Johannes van Loon
42.5 x 54.5 cms
The first, the most famous, most wanted and the rarest of all sea charts of California as an island. Only a handful of examples have survived. Due to its rarity and historical importance, the map is legendary.
The map is not a mere copy of any of the existing charts at the time, so van Loon must have received new information. The Van Loon is a unique chart that does not rely on the earlier charts by Colom and Doncker.
"This is the second of two important charts introduced in the 1666 edition of Johannes van Loon's Zee Atlas.
Along with the similar Pieter Good chart of the same year, this is one of the most desirable of all California as an island maps. They are the first folio maps dedicated to this curious cartographic phenomenon. It has not been proved which appeared first, but it is believed that the van Loon most probably takes pride of place. This is because the van Loon atlas was the most innovative of the two, while Goos largely drew upon existing charts.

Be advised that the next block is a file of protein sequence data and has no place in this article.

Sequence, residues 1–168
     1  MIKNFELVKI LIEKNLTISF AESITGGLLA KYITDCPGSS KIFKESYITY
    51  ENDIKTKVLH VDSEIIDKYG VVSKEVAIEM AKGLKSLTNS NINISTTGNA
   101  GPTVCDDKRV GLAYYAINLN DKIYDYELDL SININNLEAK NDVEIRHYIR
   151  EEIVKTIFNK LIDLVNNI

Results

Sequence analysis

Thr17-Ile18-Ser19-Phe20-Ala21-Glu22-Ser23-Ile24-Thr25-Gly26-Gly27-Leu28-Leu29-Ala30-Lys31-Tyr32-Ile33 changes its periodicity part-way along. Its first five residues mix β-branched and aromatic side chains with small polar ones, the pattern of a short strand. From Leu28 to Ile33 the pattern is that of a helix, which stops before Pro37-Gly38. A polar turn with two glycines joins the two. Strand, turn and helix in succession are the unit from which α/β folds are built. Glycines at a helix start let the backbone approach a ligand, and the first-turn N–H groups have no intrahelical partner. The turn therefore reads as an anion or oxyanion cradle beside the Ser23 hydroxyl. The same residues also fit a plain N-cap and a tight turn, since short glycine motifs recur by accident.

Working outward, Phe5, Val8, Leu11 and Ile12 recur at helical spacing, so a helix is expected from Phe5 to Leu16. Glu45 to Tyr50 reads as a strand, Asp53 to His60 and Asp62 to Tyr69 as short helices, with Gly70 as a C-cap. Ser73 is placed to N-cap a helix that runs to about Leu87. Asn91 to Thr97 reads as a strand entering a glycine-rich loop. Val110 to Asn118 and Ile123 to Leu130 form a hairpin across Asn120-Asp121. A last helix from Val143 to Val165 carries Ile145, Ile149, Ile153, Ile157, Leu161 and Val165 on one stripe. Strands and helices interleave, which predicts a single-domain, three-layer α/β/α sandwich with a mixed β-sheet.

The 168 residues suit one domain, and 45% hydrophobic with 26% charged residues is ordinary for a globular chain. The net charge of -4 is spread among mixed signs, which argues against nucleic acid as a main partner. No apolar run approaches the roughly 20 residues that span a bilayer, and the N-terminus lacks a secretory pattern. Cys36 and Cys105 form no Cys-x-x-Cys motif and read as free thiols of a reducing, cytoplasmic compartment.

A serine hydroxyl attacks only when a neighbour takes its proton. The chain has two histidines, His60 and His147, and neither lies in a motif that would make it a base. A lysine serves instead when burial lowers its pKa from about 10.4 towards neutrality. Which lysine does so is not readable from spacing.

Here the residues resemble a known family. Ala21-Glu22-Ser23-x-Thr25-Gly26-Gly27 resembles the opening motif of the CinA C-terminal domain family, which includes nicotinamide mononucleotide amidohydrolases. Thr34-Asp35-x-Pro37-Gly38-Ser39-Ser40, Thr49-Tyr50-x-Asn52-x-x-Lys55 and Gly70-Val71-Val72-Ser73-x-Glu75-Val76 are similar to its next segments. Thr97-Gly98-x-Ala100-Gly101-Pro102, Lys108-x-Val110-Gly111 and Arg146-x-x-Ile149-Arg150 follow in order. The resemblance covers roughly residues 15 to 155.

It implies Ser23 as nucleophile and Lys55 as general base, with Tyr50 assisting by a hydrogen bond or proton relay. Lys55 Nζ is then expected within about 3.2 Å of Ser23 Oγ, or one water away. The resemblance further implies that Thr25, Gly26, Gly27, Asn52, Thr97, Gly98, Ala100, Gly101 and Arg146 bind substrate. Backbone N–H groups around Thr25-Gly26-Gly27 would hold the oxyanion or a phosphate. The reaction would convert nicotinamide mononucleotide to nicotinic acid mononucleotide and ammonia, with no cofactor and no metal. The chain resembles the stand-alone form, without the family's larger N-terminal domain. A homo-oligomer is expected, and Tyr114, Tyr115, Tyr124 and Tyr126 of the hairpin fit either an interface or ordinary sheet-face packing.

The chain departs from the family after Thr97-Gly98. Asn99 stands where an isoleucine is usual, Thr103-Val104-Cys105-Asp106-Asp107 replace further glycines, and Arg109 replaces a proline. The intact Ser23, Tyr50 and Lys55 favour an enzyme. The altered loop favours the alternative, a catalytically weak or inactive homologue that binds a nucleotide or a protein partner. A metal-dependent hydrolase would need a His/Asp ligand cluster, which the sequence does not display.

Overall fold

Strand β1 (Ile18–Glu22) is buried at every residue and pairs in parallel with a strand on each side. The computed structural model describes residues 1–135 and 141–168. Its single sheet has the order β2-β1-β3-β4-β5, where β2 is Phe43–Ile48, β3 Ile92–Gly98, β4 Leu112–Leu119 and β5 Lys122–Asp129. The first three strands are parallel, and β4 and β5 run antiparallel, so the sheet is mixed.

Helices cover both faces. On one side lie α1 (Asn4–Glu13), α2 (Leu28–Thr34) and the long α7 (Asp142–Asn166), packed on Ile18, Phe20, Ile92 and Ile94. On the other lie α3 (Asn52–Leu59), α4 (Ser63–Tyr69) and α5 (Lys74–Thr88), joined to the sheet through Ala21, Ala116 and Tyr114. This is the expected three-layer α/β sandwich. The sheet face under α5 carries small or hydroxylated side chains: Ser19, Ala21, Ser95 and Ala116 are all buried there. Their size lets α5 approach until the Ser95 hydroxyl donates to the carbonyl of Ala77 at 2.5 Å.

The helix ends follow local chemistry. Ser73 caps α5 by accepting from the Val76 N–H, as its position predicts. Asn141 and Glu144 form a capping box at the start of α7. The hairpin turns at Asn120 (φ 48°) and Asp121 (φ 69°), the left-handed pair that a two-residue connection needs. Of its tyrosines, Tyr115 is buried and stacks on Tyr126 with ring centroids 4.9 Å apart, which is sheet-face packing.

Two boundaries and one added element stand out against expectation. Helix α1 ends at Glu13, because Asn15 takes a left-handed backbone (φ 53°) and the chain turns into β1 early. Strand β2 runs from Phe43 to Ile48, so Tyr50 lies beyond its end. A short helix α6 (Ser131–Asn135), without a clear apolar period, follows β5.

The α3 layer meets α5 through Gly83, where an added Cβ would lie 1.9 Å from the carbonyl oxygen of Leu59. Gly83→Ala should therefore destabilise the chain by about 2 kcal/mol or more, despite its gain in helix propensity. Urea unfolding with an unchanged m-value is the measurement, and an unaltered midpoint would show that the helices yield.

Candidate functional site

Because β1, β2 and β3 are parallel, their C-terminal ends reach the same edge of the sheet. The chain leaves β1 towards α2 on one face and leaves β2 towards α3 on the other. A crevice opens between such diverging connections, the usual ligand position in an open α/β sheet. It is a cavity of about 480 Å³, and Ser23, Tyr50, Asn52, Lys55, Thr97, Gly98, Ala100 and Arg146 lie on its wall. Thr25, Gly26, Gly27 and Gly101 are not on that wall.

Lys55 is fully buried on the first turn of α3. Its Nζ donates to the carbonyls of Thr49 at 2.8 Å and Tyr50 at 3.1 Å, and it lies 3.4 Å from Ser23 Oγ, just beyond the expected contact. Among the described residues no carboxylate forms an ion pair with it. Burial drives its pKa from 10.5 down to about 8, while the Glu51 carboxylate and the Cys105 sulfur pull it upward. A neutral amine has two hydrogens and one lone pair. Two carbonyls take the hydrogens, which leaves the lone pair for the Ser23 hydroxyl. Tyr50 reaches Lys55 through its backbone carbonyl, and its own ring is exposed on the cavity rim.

Many authorities have applied the date of 1661 to its first appearance. However, it is not known to be present in any earlier edition than that of 1666."
"Joannes van Loon was an accomplished mathematician and astronomer. His first cartographic involvements were with Theunis Jacobsz during the 1640s. From 1650 he worked with Joannes Janssonius, engraving amongst other worksthe plates for his Celestial Atlas by Cellarius, 1660.
In 1661 he published his first work with his brother, Gillis; the 'Zee Atlas' contained thirty-five maps. In 1666 the plates were Jan Jansson van Waesberge, with whom he then co-published the atlas. This edition was expanded to forty-seven maps, and by 1676 there were fifty."